When Don Edwards arrived in Washington in 1963 as a liberal freshman Democratic congressman from California, the House Rules Committee was a graveyard for the kind of legislation Edwards held dear.

Now it strikes him as a much more congenial place. Edwards just hopes it's still a reliable graveyard.

The bill he and not a few allies want to bury has been kicking around for years. It would re-create the old House Internal Security Committee, once known as the House Un-American Activities Committee. The bill has never come to a vote on the House floor, but this year, its enemies lament and its sponsors agree, it might have a chance.

"I think we can win the vote if we can bring it to a vote," says Rep. Larry McDonald (D-Ga.), the principal advocate of the measure. "We have about 50 cosponsors now and I think we should get about 200. We also have a lot of people who say, 'I'll vote for it, but don't ask me to sponsor it, don't ask me to put my name on it.' So there's no question of the support for it."

Edwards, one of the leaders in the prolonged fight to abolish the Un-American Activities Committee, agrees with a grimace.

"There's really a strong tendency to go back to the bad old days," he told assorted liberals, dissenters and civil libertarians who had gathered in a Capitol Hill townhouse recently to deplore the changing times.

The session had been called by the National Committee Against Repressive Legislation, which was born in 1960 as the National Committee to Abolish HUAC and, by its own account, was immediately labeled a "Communist plot" for its work back then. Hundreds of invitations had reportedly been sent out for the get-together. About 60 people came. It looked and sounded very much like a meeting of an endangered species.

Protested NCARL national director Esther Herst:

"What we have now is a government that's talking about getting off the people's backs when it comes to helping people who need it . . . in terms of health care and food and transportation . . . and keeping the government very much on the people's backs when it comes to political activities and spying and watching what people are doing on a day-to-day basis."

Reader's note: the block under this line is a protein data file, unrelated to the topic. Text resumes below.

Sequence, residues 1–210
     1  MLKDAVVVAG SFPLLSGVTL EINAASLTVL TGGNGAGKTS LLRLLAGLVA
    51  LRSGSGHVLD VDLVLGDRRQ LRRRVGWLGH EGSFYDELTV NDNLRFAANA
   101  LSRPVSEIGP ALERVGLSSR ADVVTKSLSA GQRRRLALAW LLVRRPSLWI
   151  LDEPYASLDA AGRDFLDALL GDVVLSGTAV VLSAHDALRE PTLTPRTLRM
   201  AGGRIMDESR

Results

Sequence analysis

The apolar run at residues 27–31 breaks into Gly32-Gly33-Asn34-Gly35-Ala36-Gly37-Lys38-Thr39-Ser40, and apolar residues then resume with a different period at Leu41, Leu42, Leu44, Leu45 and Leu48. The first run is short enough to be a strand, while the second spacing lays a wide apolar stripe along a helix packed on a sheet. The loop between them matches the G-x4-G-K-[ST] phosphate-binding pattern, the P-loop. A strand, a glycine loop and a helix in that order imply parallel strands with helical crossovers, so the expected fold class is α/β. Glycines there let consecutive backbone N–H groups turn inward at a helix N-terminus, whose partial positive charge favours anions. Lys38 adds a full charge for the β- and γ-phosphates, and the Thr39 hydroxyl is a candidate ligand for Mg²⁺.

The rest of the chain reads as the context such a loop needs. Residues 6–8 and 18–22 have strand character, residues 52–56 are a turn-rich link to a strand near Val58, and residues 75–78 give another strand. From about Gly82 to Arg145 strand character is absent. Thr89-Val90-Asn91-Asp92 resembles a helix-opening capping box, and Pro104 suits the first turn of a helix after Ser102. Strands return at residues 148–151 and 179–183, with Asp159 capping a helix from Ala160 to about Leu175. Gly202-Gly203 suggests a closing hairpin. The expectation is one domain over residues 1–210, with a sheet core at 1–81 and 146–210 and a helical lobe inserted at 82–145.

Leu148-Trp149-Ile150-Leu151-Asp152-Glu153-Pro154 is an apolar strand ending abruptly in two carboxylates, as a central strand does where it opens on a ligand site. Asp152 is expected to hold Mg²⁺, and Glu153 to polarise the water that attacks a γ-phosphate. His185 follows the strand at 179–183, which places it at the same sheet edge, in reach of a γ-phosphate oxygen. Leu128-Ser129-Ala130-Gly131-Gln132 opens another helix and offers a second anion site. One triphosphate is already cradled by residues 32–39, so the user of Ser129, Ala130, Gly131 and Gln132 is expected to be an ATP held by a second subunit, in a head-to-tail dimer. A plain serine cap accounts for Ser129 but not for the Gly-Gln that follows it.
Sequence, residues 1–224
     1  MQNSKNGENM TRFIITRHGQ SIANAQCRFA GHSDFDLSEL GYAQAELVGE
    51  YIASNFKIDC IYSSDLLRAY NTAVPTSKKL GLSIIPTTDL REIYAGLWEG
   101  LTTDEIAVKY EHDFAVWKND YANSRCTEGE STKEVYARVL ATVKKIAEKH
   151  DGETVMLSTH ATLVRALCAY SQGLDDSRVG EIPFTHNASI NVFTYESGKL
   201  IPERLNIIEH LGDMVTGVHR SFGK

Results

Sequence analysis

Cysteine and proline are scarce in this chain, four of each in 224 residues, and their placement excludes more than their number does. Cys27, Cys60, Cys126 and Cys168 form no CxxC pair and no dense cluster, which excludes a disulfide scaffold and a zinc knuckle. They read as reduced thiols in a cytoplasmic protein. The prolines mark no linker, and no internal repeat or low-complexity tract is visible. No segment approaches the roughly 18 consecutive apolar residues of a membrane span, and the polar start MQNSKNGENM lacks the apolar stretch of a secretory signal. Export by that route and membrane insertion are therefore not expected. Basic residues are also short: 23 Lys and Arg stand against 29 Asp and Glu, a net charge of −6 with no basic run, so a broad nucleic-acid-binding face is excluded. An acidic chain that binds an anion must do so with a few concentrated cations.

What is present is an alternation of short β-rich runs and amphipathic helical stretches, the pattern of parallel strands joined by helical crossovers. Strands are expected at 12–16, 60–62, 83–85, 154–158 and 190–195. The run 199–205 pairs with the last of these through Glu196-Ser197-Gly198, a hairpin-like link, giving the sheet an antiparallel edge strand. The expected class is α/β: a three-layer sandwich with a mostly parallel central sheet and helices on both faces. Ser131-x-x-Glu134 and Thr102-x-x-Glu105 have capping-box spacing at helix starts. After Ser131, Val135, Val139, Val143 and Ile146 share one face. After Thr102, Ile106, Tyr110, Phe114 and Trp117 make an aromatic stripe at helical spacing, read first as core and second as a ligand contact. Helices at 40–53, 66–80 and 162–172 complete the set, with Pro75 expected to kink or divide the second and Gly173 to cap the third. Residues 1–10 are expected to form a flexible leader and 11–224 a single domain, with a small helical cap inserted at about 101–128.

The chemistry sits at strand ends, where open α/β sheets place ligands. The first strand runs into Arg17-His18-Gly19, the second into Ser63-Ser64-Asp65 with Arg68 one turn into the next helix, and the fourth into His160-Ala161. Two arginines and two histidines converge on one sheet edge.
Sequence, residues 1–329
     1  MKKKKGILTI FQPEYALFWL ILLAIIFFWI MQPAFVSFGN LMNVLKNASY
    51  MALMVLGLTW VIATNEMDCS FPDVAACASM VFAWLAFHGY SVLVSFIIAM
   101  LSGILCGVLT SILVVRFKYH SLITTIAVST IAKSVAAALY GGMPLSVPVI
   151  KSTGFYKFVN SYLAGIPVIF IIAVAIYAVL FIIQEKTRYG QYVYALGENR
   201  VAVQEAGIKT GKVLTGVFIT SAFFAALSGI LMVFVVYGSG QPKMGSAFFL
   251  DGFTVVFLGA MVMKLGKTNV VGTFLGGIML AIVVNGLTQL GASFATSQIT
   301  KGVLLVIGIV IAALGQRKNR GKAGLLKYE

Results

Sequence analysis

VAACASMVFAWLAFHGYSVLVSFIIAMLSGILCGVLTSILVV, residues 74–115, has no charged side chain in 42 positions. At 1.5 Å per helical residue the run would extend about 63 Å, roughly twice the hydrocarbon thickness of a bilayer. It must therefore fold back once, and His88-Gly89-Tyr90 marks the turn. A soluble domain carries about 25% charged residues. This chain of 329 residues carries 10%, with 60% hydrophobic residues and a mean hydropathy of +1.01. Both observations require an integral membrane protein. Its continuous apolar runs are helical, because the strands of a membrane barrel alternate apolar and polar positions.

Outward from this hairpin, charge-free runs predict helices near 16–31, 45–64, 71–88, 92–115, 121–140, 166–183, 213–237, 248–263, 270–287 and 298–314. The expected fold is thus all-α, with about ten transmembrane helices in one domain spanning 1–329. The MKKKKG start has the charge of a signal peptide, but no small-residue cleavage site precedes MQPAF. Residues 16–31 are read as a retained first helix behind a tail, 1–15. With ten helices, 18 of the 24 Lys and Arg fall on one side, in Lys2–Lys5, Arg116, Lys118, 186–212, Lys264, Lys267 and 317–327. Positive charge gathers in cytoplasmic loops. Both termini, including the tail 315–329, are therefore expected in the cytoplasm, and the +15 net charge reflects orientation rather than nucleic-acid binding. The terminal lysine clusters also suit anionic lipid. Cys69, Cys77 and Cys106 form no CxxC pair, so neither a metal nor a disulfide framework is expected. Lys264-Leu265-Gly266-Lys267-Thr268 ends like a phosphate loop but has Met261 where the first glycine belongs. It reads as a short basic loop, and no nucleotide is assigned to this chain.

The watchword for the new mood, however one characterizes it, is terrorism. The issue is the degree of Soviet and surrogate support for it around the world and the dangers of its escalation here. Presisdent Reagan has already expressed concern about it, prompting the Central Intelligence Agency and the U.S. intelligence community to begin drafting a new executive order that could make it easier to spy on Americans at home and abroad.

And at the State Department, Secretary Alexander M. Haig Jr. has proclaimed that "international terrorism will take the place of human rights" as a chief concern of U.S. foreign policy. He said terrorism had become "rampant" on both sides of the Iron Curtain, and he accused the Soviet "Union of conscious policies and programs to "foster, support and expand this activity" throughout the world.

The charges have served to underline a mounting number of calls to revive the old national-security apparatus that worked so assiduously years ago to root out the "subversives" in American society. In the House, the theme has been captured in a letter signed by Rep. Dan Crane (R-Ill.) that the Council for Inter-American Security has been sending out, calling for support of the "anti-terrorism bill" he is cosponsoring.

"Ronald Reagan needs your support now more than ever", the letter begains. "He needs your help in closing America's 'open door' to bomb-throwers, spies and revolutionaries."

This was so, Crane said, because "the liberals have ripped apart our internal security systems" by the abolition of the House International Security Committee. "For all we know," he warned, "terrorists are plotting subversive, "terrorists are plotting subversive attacks right under our noses. And our hand are tied by the liberals."

Calling for support of the "antiterrorism bill" -- actually McDonald's resolution re-creating the committee -- Crane said it would be "a crucial tool in cracking down on terrorists."

The mailing was a big success, according to a Crane spokesman, with more than a million copies sent out. Some 100,000 replies -- still to be tabulated -- to an enclosed "Internal Security Public Opinion Survey" came back. Among the questions: